Officers’ Donning and Doffing of Their Uniforms and Gear Not Covered by the FLSA
Alarm & Security Services Industry Alert
Police officers employed by an Arizona city contended that the employer violated the Fair Labor Standards Act (FLSA) by failing to compensate them for the time they spent donning and doffing their police uniforms and related gear (which usually included trousers, a shirt, a name tag, a clip-on or velcro tie, specified footwear, a badge, a duty belt, a service weapon, a holster, handcuffs, chemical spray, a baton, a portable radio and the optional body armor). A district court determined that because the police officers had the option of donning and doffing their uniforms and gear at home, these activities were, therefore, not compensable pursuant to the FLSA, as amended by the Portal-to-Portal Act. The police officers challenged the district court's entry of summary judgment in favor of the city. The United States Court of Appeals for the Ninth Circuit affirmed, agreeing that these activities were not compensable pursuant to the FLSA. The court concluded that donning and doffing at the employer's premises was not required by law, employer rule, or the nature of the work. Although the Ninth Circuit had previously stated that “under the FLSA employers must pay employees for all hours worked,” it nevertheless concluded in this case that nothing compelled the conclusion that the donning and doffing of police uniforms and accompanying gear were compensable work activities. While employers may be required to compensate employees for the donning and doffing of certain protective gear necessary for the employees’ job, there is a growing number of cases which have refused to require employers to pay employees for dressing in uniform, even where the employees change into their uniforms at the employers’ place of business.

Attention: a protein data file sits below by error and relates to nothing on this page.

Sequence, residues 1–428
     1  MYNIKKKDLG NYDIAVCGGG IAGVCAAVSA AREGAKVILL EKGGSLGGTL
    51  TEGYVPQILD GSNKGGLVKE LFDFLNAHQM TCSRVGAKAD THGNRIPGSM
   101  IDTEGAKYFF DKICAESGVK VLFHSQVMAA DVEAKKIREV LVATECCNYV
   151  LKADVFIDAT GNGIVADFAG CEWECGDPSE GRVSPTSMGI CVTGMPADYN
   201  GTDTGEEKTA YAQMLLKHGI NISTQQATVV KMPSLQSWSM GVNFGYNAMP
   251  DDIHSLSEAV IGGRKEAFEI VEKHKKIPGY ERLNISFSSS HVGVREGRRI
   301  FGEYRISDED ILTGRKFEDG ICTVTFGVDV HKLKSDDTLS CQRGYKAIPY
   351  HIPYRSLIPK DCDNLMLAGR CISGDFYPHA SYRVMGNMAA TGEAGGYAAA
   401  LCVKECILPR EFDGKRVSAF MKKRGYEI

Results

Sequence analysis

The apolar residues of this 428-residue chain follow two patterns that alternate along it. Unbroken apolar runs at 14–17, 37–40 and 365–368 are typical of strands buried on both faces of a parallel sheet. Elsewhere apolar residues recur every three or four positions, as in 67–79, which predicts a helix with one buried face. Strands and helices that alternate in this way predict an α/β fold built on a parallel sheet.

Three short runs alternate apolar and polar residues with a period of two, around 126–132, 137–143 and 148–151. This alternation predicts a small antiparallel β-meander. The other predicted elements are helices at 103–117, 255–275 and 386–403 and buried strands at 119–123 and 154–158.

Bamonte v. City of Mesa, No. 08-16206 (9th Cir. Mar. 25, 2010)
Contact for more information: Philip R. Kujawa
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